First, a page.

Windows 7 Support Ends Soon, Here's A Refresher On Upgrading To Windows 10 For Free

Windows 10
In case you have managed to ignore and forget the full-screen nag screens in Windows 7, support for your operating system will soon end, with Microsoft looking to herd the masses over to Windows 10. The last day is January 14, 2020. After that, Windows 7 goes into retirement, though fortunately it seems Microsoft is still permitting free upgrades to Windows 10.

Before we get to that, let's talk about the support status of Windows 7. In just a couple of weeks, Windows 7 sails off into the sunset, in a manner of speaking. Well, sort of. It's not as though Windows 7 will suddenly fail to boot or otherwise cease to function once support ends. However, Microsoft will not offer technical support or push out monthly security patches.

I suspect major zero-day threats will still see the occasional emergency patch, as Microsoft has been known to even patch Windows XP once in a blue moon. In addition, Microsoft confirmed it will still push out definition updates to MSE (Microsoft Security Essentials) in Windows 7. And enterprise customers can pay for extended support in general. So it's more like a semi-retirement.

Nevertheless, sticking with Windows 7 beyond its support date is not really advised for the typical home user. The lack of monthly security patches will leave Windows 7 vulnerable to exploits, and the longer you put off upgrading, the more of a security liability the OS will become.

Fortunately, making the jump to Windows 10 is relatively easy, and potentially free.

You Can Still Upgrade To Windows 10 For Free

When Windows 10 first debuted to the public in July 2015, Microsoft made upgrading from Windows 7 and Windows 8/8.1 free for the first year. Technically, Microsoft still allowed free upgrades beyond that period for customers who use assistive technologies, though the free ride to Windows 10 was supposed to end in December 2017.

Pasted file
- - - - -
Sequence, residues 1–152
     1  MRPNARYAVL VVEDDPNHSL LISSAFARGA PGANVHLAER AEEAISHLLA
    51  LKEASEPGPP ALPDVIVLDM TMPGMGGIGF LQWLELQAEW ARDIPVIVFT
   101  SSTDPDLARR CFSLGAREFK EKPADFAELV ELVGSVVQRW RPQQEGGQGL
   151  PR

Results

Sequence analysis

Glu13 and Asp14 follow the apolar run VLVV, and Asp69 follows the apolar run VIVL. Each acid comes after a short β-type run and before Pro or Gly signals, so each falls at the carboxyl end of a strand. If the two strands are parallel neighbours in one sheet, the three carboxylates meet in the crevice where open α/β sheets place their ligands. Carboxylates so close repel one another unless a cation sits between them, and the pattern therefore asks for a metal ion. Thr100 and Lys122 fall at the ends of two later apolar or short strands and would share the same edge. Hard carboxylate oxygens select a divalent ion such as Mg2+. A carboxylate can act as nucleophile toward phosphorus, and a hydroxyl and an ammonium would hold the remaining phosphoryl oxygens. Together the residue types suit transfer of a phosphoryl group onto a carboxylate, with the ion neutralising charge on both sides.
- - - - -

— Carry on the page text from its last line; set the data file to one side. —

Now two years later (and over 4 years since Windows 10 first came out), users report still being able to upgrade to Windows 10 at no cost. A user on Reddit who claims to be a former Microsoft employee says the whole free year deal was just "marketing fluff," and that the company was aware of brick and mortar stores simply changing the clocks on the customer devices to sidestep the deadline.

"WDG didn't care pretty much at all because Terry Meyerson at the time cared more about his upgrade stats than license revenue as Windows isn't Microsoft's cash cow anymore. It's the same stance back in the day where Microsoft would allow Windows Updates on pirated copies of Windows 7 as the bigger picture was to thwart security threats based from those copies," the presumed former Microsoft employee explained.

Windows 10 Acvitation Screen

If you have a valid Windows 7 or Windows 8/8.1 license, you can upgrade to Windows 10 by following these steps...
  • Go to the Download Windows 10 page and click the Download tool now button.
  • Once the download finishes, run the Media Creation Tool.
  • If the tool is already on the PC you're wanting to upgrade, choose the Upgrade this PC now option and enjoy your free upgrade to Windows 10. If not, go to the next step.
  • If the tool is not on the PC you're wanting to upgrade, choose the Create installation media for another PC option.
  • Follow the prompts and then choose whether you want to put the installation files on a USB flash drive or ISO file. Transfer whichever option you chose to the PC you want to upgrade.
Users report they are not being asked for a product key, assuming this is performed on a valid Windows 7 or Windows 8/8.1 PC. Once the upgrade is complete, you can head to Settings > Update & Security > Activation to confirm it worked without a hitch.

Alternatively, if you already installed Windows 10 and still need to validate it, as long as you have access to your old Windows 7 or 8 key, you can just head to the same section and select Change product key, then plug in your old key.